The Fed plans to keep interest rates on hold until its goals of lower unemployment and 2% inflation are achieved. And it plans to continue the current pace of asset purchases “until substantial further progress” has been made toward those goals, the minutes said.
… participants emphasized that it was important to abstract from temporary factors affecting inflation-such as low past levels of prices dropping out of measures of annual price changes or relative price increases in some sectors brought about by supply constraints or disruptions-in judging whether inflation was on track to moderately exceed 2 percent for some time.
We intend to revisit the baseless 2.00% inflation target later, but suffice it here to stick a pin in the “full employment” target. The latter is based on the Keynesian domestic bathtub theory of potential GDP, and the notion that the Fed can cause it to be filled to the brim and remain there permanently with the right level of demand stimulus.
That’s complete rubbish, and this recent chart displaying the CBO’s projections of potential GDP and full-employment since the turn of the century leaves nothing to the imagination. Potential GDP simply can’t be estimated owing to the myriad of international, demographic and domestic tax and regulatory policy interventions which bear on how much the supply-side of the US economy can produce at any point in time.
For instance, in 2012 dollars real GDP today would have grown by double the amount of actual GDP gain had CBO’s 2005 estimate of potential GDP panned out.
- 2005 Real GDP: $14.8 trillion;
- 2020 actual real GDP: $18.7 trillion (up 26%);
- 2005 projection of potential 2020 GDP: $22.3 trillion (up 51%).
The point is, the Fed’s full employment target for the U-3 unemployment rate is statistical and analytical nonsense owing to the gigification and internationalization of the domestic labor market, while the use of “potential GDP” as a proxy is even more arbitrary and unattainable.
So the obvious point is this: The only thing the Fed can really impact is financial asset prices, and that is both wrong and pointless. As we have repeatedly reminded, the top 1% own 45% of the financial assets and the top 10% own more than 80%.
Indeed, targeting asset prices – via the so-called wealth effects doctrine–is, ironically, exactly what the subtext of Thursday’s congressional
hearing gong show was all about: Namely, reverse Robin Hood economics and the channeling of wealth and incomes to the top of the economic ladder, as has occurred so dramatically since Alan Greenspan launched today’s malefic regime of Keynesian money-pumping in late 1987.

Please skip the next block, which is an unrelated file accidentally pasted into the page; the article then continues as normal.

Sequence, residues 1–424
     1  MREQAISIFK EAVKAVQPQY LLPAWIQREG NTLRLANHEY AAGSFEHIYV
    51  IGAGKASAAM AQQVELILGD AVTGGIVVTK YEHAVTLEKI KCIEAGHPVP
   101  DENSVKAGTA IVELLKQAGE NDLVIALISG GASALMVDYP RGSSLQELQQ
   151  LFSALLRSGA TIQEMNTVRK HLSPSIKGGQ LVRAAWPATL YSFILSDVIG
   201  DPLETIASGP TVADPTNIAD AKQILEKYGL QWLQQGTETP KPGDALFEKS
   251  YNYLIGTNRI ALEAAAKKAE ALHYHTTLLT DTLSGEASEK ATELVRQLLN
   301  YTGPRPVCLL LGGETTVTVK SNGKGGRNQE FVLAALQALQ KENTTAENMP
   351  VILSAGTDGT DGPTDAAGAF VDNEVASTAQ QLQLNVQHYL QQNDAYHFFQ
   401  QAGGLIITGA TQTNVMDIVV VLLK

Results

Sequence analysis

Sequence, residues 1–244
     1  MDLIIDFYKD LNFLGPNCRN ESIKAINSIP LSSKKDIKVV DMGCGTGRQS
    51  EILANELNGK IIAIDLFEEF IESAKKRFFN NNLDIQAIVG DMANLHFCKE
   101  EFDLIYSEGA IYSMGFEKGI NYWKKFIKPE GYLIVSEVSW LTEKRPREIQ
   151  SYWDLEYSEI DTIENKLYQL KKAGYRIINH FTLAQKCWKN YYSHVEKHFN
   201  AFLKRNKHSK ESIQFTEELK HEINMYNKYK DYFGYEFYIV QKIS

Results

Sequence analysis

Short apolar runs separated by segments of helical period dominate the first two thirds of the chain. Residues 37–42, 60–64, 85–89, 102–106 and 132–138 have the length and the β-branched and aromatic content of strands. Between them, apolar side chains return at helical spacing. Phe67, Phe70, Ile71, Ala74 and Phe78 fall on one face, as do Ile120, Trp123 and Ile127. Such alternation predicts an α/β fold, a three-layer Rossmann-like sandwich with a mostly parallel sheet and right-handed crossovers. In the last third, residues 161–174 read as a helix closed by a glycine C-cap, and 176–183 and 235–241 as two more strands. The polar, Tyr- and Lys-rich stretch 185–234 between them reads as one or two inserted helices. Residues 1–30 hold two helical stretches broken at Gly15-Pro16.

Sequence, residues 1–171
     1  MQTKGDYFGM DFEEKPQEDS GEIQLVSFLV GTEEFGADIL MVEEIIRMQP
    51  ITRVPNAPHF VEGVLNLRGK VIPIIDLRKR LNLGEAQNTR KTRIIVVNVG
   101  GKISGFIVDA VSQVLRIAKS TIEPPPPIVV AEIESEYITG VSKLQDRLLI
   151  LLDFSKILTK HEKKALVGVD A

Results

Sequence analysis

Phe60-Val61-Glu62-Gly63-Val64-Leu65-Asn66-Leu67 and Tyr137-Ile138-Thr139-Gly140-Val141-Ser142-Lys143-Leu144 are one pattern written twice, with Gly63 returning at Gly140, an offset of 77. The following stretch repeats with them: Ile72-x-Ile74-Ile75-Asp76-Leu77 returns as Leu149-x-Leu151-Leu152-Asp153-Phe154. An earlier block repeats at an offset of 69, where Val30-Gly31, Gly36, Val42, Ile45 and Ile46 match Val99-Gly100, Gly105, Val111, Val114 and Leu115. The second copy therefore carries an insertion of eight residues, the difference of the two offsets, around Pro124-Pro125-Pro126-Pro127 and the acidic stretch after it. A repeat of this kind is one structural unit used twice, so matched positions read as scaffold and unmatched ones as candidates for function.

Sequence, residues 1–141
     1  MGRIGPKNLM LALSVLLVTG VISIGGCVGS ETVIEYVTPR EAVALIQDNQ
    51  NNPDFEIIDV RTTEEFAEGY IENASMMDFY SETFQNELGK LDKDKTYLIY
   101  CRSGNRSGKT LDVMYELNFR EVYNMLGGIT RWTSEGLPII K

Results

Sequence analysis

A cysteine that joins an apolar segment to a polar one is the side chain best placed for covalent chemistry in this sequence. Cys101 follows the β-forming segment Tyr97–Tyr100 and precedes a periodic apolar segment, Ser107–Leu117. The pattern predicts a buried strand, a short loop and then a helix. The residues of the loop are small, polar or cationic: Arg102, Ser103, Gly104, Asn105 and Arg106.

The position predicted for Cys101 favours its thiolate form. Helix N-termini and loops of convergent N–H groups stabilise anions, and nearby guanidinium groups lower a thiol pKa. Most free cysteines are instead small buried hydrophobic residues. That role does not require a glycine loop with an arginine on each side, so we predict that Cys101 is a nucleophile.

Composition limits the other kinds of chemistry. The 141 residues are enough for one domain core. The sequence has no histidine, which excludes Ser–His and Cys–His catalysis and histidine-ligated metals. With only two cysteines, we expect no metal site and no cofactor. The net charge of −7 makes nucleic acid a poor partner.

Despite all the gnashing of teeth about Citadel’s huge payments to Robinhood and other brokers for order flow, for instance, it has apparently not occurred to the Fed heads, to say nothing of the congressional geniuses, that the chart below does not reflect the free market at work, nor the purported genius of Ken Griffin.
Instead, Citadel trading revenues have soared more than 6X during the last four years because the Fed has been stoking the casino with liquidity like never before. This endless inflow of fiat credit, in turn, has fueled a massive increase in speculative trading, especially in options and other derivatives. And foremost in that nexus is the computer-based HFTs or high frequency trading operations conducted by Citadel, Virtue and others.
The fact is, there is no economic purpose or benefit to lightening fast trading; it doesn’t aid genuine capital formation, nor does it improve the allocation of equity capital. It’s just economic rent-seeking pure and simple, and is the byproduct of bad money, not free market capitalism.
Of course, in the case of Citadel this central bank fostered monetary deformation has permitted its EBITDA to soar by 11X during the past four years, thereby enabling Griffin to buy $700 million worth of houses for sport.
Indeed, the obscene depiction below of Griffin’s house buying spree is a screaming indictment of his enablers in the Eccles Building and the level of growth-stunting economic rent harvesting they have engendered. Contrary to certain free market thinkers who fail to understand the baleful role of bad money, Griffin is not a maker – just another central bank enabled taker.
Beyond that, the Fed heads have no clue about markets in any event. We are put in mind of the Bernanke’s claim that the subprime mortgage problem was “contained” in, well, March 2007 on the very eve of the financial crisis.
So it seems that JayPo has recently done him one better this time around the barn:
“I would say that financial stabilityvulnerabilities overall are moderate,” he said in a press conference after the January meeting.
Perhaps these charts have been banned in the Eccles Building. There is no other way to explain the sheer obtuseness of the destructive dunces domiciled there.
Reprinted with permission from David Stockman’s Contra Corner.